CRYSTAL LAKE – Carol Radovich can write a prescription, diagnose a patient and provide routine checkup services like most primary care physicians.
But she is no doctor.
Radovich, as part of a booming profession, is one of the more than 8,000 nurse practitioners in Illinois charged with many of the same responsibilities as traditional doctor. For Radovich, it was a 17-year journey to earn the master’s degree, certifications and experience needed to gain the status.
While it was a long road, it is that nursing experience and education that make nurse practitioners more appealing than traditional physicians for some patients, Radovich said.
It has become a popular alternative across the country, with more than 450,000 patients receiving treatment from about 106,000 nurse practitioners last year.
“I think some patients prefer it because they feel the nurse practitioner spends more time with them, whether that is just a perception or not,” Radovich said. “Because of how nurses are brought up through [the] ranks, they spend a bit more time with patients and have a more personalized interaction. It’s just a difference in schooling.”
Jeannine Nosko, director of patient care services for Centegra, said the role of nurse practitioners has grown significantly in the past decade, and Centegra is committed to continuing the expansion with a program for nurse practitioners in acute care.
She said because nurse practitioners have the luxury of being centrally located, they are able to help physicians that must divide time between hospitals, clinics and practices.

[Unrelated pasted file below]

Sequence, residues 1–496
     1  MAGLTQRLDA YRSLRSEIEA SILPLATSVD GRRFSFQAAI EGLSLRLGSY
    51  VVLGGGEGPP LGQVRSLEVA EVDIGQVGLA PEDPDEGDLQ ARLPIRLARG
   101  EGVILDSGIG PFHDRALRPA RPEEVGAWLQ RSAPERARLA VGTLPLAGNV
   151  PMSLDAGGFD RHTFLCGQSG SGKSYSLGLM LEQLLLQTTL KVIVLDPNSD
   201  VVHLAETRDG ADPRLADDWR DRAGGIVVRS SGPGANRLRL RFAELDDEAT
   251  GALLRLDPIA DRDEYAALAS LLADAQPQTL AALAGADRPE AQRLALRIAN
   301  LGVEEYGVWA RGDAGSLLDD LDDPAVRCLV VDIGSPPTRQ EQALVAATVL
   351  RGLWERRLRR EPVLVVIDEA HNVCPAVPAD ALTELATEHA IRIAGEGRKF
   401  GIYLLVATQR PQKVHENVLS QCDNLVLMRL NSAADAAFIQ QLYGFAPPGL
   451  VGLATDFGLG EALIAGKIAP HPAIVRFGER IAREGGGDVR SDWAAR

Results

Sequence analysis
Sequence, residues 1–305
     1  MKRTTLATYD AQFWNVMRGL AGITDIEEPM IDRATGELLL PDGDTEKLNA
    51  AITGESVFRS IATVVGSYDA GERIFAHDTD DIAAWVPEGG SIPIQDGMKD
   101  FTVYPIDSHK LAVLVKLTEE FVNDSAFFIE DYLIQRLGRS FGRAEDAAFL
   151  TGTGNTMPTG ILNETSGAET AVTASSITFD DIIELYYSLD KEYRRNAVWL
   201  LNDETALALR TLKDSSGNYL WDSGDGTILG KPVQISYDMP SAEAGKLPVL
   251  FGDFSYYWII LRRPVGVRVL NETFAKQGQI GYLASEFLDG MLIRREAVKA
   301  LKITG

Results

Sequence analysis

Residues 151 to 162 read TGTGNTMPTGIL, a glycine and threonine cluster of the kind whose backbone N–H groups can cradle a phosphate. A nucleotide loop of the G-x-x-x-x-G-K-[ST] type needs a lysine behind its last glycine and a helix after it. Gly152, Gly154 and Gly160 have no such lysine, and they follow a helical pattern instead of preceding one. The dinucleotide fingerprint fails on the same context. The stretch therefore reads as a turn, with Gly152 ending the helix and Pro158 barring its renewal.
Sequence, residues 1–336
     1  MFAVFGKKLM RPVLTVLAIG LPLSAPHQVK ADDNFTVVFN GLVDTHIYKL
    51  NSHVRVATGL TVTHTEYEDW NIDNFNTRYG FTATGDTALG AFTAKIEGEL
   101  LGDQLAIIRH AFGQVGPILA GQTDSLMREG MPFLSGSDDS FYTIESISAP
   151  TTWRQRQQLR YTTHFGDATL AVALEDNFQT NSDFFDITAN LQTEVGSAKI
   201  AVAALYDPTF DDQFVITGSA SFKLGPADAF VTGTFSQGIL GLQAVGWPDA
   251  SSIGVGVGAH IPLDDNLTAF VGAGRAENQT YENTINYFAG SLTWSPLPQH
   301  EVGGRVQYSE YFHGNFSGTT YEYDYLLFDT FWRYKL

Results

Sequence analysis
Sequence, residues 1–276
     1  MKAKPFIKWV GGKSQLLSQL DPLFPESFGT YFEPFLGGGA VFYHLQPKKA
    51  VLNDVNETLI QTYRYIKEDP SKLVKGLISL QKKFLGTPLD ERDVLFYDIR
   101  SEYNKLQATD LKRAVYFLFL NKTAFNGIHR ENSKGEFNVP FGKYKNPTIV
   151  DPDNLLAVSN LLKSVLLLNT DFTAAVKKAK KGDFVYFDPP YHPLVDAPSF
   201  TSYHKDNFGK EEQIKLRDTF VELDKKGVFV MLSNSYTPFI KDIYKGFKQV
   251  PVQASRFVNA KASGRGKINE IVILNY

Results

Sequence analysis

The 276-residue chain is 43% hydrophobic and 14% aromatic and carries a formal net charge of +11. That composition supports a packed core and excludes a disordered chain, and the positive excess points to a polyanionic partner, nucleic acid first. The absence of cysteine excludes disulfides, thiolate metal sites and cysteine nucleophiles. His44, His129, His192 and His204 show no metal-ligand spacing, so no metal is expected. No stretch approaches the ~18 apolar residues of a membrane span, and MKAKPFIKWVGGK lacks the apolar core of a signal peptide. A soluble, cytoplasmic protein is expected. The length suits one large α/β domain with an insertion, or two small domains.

“Nurse practitioners are going to have an ever-expanding role in the future with thinly stretched physicians,” Nosko said. “There is a higher volume of people needing medical care.”
The number of nurse practitioners and patients seeking their services are expected to grow as implementation of the Affordable Care Act continues to roll out.
Sue Clark, a spokeswoman and lobbyist for the Illinois Society for Advanced Practice Nursing, said as more people become insured, the demand for primary care will increase, with physicians already handling full schedules.
To handle that demand, Clark said, it is imperative the state grants nurse practitioners the same scope of responsibilities other states allow. In Illinois, nurse practitioners are required to have a collaborating physician that speaks with the nurse practitioner at least once a month.
The collaborating physician also can review charts and discuss cases, but it is not required by law. Clark said the essentially supervisory role is onerous and not required in many other states. Nurse practitioners in some other states are allowed to open their own practice, admit patients to hospitals and take on greater responsibilities.
“Countless studies have shown there is no difference in outcomes between the two,” Clark said of patients visiting doctors as opposed to nursing practitioners. “I think it will be harder for the state Legislature to ignore removing the collaborative agreement as the demand for primary care goes up. It’s a burden on (doctors and nurses).”
Clark is confident nurse practitioners will receive some more authority in the next legislative session. She said there is a bill with early support that would allow nurse practitioners to sign Physician Orders for Life-Sustaining Treatment forms – a form that details a patient’s end-of-life care plan.
Despite some limits on the position, Radovich said it was well worth the work to become a nurse practitioner and she is happy to see the role expand across the country. Radovich, who was the lone nurse practitioner in Centegra when she started in 1998, said there are now 25 in Centegra and it will not be long before it grows.
“It’s a great job,” she said. “It’s already a popular option for patients, and it is going to continue to become more popular as it is more accessible.”